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Flatbush + Main Episode 02: Brooklyn’s Working Waterfront

By Julie Golia

Posted on May 24, 2016

In the past several years, Brooklyn’s waterfront has transformed into a high-value, celebrated space lined with bucolic parks and new developments. In Episode 02 of Brooklyn Historical Society’s podcast Flatbush + Main, co-hosts Zaheer Ali and Julie Golia travel back in time to a different waterfront: a 19th- and 20th-century site of production, storage, and back-breaking labor for millions of Brooklynites who lived and toiled along its industrial shores. Through stories of people, goods, and work, Julie and Zaheer discuss how Brooklyn’s waterfront was a crucible of American capitalism and labor.

Julie and Zaheer vividly describe the rise of the commercial waterfront in the early 19th century, back when Brooklyn was dubbed “the Walled City” because of its miles of fortress-like brick warehouses. They sit down with BHS Assistant Public Historian Katy Lasdow to learn how Katy pieced together the story of one dockworker who lived and died at Brooklyn’s Empire Stores warehouse. Zaheer and Brett Dion, BHS Oral History Archivist, discuss a clip from BHS’s Puerto Rican Oral History Project. Finally, listeners hear from BHS Director of Education Emily Potter-Ndiaye and Teen Council Member Sam Pepere on the amazing work that teens have been doing at BHS this Spring.

Many of the stories on this episode will be part of a major exhibition, “Waterfront,” that will occupy Brooklyn Historical Society’s new satellite museum opening in the Empire Stores in 2017. Read more about Brooklyn Historical Society DUMBO here.

Got a great idea for an upcoming Flatbush + Main episode? Email us at [email protected] or leave a comment on this post. And don’t forget to subscribe to Flatbush + Main and to rate us on iTunes, Stitcher, or whatever platform you use to listen to podcasts.

Segment 1: Histories and Ideas

In 2014, for example, BHS partnered with Brooklyn Bridge Park to reveal the diverse histories that are located underfoot in the area now occupied by the park. The partnership resulted in 20 historical markers throughout Brooklyn Bridge Park, and an accompanying content-rich website,

Segment 2: Into the Archives

Here are some of the documents that Katy Lasdow used to piece together the life of Michael Harkins and his family.

Take a look at the March 23, 1873 New York Times death notice that introduced us to Michael Harkins here.

Harkins, Mary. Transfer Signature and Test Books, Emigrant Savings Bank, New York, NY, March 29, 1870.
Harkins, Mary. Transfer Signature and Test Books, Emigrant Savings Bank, New York, NY, March 29, 1870.Harkins, Mary. Transfer Signature and Test Books, Emigrant Savings Bank, New York, NY, March 29, 1870.
Harkins, Michael. 1860 Federal Census, Brooklyn, Ward 2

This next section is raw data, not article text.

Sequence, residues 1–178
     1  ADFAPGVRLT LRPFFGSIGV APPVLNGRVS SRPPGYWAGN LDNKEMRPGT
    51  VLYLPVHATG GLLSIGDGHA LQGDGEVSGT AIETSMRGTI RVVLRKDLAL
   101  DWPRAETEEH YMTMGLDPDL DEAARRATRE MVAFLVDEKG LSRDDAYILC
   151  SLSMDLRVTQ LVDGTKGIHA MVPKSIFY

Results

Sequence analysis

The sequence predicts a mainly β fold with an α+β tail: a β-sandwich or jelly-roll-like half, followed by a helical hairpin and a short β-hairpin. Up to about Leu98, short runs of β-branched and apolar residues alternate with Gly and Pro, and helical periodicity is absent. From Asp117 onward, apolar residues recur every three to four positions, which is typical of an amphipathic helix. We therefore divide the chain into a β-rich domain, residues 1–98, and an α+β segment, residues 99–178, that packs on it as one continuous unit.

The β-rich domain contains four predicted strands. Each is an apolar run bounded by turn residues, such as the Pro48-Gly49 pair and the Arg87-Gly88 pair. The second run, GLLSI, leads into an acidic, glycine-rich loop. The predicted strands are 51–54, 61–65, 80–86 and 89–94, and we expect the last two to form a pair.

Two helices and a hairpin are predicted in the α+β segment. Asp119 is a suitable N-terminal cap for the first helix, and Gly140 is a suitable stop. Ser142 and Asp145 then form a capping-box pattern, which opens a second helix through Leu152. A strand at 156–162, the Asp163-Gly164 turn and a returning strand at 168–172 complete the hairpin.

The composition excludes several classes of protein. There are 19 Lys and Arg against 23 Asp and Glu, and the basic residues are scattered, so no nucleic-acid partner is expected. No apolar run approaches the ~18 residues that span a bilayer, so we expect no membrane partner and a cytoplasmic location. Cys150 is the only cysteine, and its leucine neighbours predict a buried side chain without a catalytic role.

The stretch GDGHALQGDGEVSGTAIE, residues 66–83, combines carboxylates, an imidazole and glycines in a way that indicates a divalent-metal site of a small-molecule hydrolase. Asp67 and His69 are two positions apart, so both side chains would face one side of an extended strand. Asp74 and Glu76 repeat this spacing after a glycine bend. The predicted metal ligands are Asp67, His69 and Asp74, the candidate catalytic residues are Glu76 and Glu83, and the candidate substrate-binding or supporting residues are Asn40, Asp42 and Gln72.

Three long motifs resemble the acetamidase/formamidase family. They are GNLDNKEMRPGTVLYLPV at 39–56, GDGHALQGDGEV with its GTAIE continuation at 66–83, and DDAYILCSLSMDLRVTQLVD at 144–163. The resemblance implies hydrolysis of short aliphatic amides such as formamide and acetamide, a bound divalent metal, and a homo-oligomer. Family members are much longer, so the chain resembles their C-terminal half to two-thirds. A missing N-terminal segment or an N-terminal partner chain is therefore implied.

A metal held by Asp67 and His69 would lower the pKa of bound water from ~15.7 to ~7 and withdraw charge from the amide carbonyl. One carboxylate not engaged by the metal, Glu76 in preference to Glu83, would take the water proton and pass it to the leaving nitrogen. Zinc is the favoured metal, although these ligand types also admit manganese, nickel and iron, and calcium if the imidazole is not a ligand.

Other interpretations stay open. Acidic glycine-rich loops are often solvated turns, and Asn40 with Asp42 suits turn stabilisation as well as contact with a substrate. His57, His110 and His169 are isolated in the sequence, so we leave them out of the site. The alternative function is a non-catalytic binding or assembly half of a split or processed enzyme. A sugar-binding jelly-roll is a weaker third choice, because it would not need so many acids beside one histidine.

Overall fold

Harkins, Michael. 1860 Federal Census, Brooklyn, Ward 2Harkins, Michael. 1860 Federal Census, Brooklyn, Ward 2.

And here is Brooklyn Daily Eagle coverage of a murder that took place at 129 Plymouth Street when the Harkins family was living there.

Segment 3: Voices of Brooklyn

Below is the full oral history of Francisco Pratts, part of BHS’s 1976 Puerto Rican Oral History Project, the first major oral history project undertaken by BHS – and one of the first archival collections related to Puerto Ricans in the United States. This interview is being made available online for the first time in a digital format, thanks to a grant from the National Historical Publications and Records Commission (NHPRC) of the National Archives and Records Administration.

This week’s bonus Voice of Brooklyn was that of Sam Pepere, a member of Brooklyn Historical Society’s 2016 Teen Council. This past Saturday, May 21, the Teen Council held a day-long, for-teens-by-teens event called “Street: A Day of Art, Performance, History, and Film.” Learn more about BHS’s many after school and collaborative programs here.

Segment 4: At Brooklyn Historical Society

Zaheer endorsed “Call and Response: Black Power 50 Years Later,” at BHS on June 14, 2016 at 6:30 pm. The panel includes activists from across generations, including Rev. Dr. Herbert Daughtry, Basir Mchawi, Farah Tanis, DeRay Mckesson, and Dante Barry. Professor Robyn Spencer moderates.

Julie endorsed “Race and History: An Evening with Lonnie Bunch,” at BHS on June 16, 2016 at 6:30 pm. Bunch is the founding Director of the soon-to-open National Museum of African American History and Culture.

BHS Programs and Communication Coordinator KT Williams endorsed “Refined and Redesigned: Defying Gender Norms in Fashion,” at BHS on June 23, 2016 at 6:30 pm. The panel is moderated by Anita Dolce Vita, editor and chief of the website DapperQ.

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